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Chapter: Biotechnology Applying the Genetic Revolution: Bioethics in Biotechnology

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Power, Profit, Poverty, and Access

Many of the questions raised by modern biology and genetic engineering are well worn in other arenas.

POWER, PROFIT, POVERTY, AND ACCESS

Morality is a private and costly luxury.

Henry B. Adams, 1838–1918

Many of the questions raised by modern biology and genetic engineering are well worn in other arenas. Who should control technology? What should be banned or permitted and who should decide? Who should profit? Should access to novel and expensive technology be provided to those who cannot afford it? If so, who should pay, the government or private individuals? A related issue is that of access to technology for those who live in poor Third World nations. The answers to these questions differ according to personal beliefs and cultural outlook. In any case, they are neither novel nor restricted to biology, let alone biotechnology, and we will make no attempt to answer them here.

Over the past half century, the gap between the rich and poor has widened. This is true both between the industrial nations and the Third World and, more recently, within the industrial nations themselves. This is partly due to advancing technology. Mechanization has made unskilled human labor less necessary. For example, less than 5% of the population is needed togrow food for everyone in the advanced nations (compared to some 90% in medieval times). Automation has also reduced the number of people needed to produce industrial goods. Consequently, a significant proportion of the population has increasing difficulty finding worthwhile employment. Whether biotechnology will merely add to the prevailing trend toward automation or whether it will alleviate some of the problems of poverty is still unclear.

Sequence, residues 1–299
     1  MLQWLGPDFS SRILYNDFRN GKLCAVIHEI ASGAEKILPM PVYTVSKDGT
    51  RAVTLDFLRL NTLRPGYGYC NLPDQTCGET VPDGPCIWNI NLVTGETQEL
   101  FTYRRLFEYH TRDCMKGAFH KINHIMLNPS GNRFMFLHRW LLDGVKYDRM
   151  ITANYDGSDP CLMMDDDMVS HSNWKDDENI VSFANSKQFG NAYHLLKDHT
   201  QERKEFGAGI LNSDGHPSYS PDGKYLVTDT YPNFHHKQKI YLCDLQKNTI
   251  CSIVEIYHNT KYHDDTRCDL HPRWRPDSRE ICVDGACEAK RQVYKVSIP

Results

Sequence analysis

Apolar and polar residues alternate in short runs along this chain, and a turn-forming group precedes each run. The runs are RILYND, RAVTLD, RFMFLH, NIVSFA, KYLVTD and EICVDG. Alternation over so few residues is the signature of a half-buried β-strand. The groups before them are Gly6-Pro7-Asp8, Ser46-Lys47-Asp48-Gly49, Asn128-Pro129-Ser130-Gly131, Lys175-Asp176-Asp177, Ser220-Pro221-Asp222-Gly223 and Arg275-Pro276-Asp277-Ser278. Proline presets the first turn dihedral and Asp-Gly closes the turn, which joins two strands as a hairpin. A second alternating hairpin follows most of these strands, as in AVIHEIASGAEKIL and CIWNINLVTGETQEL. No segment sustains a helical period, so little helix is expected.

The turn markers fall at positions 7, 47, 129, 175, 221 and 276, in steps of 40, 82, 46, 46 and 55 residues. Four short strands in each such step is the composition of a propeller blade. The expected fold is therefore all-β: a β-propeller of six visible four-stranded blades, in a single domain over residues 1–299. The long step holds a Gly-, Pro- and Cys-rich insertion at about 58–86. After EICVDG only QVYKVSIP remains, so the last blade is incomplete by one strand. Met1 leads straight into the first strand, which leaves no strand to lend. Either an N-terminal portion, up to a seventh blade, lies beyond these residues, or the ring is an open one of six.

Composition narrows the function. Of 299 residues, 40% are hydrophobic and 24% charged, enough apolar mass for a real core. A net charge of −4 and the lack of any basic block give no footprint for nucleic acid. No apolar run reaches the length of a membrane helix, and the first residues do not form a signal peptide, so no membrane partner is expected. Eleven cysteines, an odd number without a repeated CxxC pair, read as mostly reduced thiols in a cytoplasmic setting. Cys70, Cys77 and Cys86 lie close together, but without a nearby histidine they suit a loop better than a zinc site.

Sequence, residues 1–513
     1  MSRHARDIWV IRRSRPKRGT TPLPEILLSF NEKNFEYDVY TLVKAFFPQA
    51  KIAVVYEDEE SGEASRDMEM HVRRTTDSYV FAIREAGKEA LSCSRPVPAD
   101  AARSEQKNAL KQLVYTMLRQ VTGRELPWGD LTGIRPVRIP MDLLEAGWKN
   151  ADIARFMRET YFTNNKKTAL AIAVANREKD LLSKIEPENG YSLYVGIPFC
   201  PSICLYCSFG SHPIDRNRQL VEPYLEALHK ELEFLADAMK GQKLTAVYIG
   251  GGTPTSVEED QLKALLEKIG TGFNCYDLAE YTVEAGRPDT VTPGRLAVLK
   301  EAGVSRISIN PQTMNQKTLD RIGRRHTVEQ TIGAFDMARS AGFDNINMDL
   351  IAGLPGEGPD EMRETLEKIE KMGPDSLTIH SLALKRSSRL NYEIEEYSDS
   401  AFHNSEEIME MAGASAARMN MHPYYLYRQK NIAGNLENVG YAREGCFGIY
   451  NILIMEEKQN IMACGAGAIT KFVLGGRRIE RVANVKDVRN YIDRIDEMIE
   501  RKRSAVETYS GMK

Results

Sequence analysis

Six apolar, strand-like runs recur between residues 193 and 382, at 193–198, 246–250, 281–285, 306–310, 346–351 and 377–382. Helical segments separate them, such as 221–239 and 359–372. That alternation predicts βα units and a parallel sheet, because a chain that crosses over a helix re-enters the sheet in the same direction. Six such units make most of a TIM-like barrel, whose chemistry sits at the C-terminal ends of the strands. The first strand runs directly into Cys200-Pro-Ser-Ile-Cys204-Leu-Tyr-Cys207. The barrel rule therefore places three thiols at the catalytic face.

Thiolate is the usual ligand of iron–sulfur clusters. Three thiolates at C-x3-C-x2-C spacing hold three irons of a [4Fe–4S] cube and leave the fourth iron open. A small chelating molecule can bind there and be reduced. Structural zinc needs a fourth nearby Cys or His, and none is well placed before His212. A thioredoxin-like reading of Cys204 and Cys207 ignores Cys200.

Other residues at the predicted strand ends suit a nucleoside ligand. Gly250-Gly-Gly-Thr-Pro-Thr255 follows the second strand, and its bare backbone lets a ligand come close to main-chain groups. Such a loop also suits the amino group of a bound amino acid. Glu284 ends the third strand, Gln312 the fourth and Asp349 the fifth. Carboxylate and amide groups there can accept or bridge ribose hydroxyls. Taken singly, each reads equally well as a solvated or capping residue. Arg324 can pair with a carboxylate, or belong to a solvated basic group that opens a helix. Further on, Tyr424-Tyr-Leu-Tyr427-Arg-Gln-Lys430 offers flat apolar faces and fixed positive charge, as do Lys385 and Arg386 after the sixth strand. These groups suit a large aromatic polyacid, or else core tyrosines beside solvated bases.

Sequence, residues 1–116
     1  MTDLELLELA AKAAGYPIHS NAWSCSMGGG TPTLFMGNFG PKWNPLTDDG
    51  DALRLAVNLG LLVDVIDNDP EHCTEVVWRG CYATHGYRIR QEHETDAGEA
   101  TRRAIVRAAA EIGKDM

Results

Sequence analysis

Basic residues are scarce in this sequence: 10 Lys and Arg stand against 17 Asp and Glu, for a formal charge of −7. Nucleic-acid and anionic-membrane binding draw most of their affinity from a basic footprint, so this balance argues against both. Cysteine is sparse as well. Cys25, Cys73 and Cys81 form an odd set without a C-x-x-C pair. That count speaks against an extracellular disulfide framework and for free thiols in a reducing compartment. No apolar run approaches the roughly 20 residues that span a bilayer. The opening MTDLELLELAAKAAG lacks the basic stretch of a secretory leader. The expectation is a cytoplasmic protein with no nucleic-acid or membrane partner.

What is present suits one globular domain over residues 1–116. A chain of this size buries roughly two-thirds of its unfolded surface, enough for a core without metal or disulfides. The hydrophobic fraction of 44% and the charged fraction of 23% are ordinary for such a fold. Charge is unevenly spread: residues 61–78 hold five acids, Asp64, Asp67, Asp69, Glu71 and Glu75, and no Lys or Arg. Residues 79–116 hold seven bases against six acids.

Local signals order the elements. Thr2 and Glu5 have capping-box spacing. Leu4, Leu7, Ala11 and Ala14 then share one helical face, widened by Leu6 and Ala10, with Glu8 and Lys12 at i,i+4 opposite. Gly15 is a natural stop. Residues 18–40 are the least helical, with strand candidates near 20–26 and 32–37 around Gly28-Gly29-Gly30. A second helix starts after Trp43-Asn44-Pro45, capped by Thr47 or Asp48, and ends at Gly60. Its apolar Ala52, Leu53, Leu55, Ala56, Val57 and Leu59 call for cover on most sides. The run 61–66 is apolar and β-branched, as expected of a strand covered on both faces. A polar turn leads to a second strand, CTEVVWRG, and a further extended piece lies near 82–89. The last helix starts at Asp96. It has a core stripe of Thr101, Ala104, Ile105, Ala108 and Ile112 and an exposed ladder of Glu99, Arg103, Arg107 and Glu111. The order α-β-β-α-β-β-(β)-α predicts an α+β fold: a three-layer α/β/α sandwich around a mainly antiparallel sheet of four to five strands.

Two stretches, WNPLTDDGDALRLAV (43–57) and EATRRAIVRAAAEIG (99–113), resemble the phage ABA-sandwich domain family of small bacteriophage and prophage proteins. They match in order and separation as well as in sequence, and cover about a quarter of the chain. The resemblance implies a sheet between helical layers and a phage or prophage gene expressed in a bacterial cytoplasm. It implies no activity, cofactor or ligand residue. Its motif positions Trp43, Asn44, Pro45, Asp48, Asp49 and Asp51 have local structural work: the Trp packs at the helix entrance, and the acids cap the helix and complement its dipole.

Many clinical procedures involving novel technology are expensive and are beyond the reach of the poor. This is the old question of the distribution of wealth, in a technological guise, and has no special link to genetic engineering. The rich have always had greater access to expensive health care, whether drugs, surgery, or simply high-quality nursing. For example, treatment with botulinum toxin (Botox) is now used to remove wrinkles from the skin of theold and ugly ( Fig. 25.1 )—provided they can afford it. Botox injections cost from $300 to $500 (more than a month’s wages in many Third World nations) and the results last for about5 months. More than 1.6 million people received injections in 2001. Botulinum toxin type Ais a protein toxin made by the bacterium Clostridium botulinum, which causes food poisoning.The toxin blocks the release of the neurotransmitter acetylcholine by nerve cells that controlmuscle contraction; hence its use in very low amounts to inhibit the muscle contraction responsible for wrinkles and frown lines.Those who discuss the social aspects of gene therapy and other new technology often mention the question of access by Third World nations. When millions die every year frommalaria, tuberculosis, and AIDS, there is little point in discussing the benefits of expensive high technology. Most inhabitants of Third World nations cannot afford basic anti malarial drugs, let alone AIDS cocktails. Many do not even have pure drinking water. Some scientific advances may indeed benefit the poor nations. Mass immunization against infections with cheaper, more effective vaccines is an example. Transgenic crops able to grow in poor soils and give higher yields without fertilizers may also help. Huge strides in traditional plant breeding increased crop yields drastically between the 1940s and 1980s (the so-called Green Revolution). But merely saving lives from starvation causes population expansion. This,  inturn, causes overcrowding, thus promoting the spread of infections. Unless the world can control its population, we will merely enter a futile spiral of trading one problem for another.




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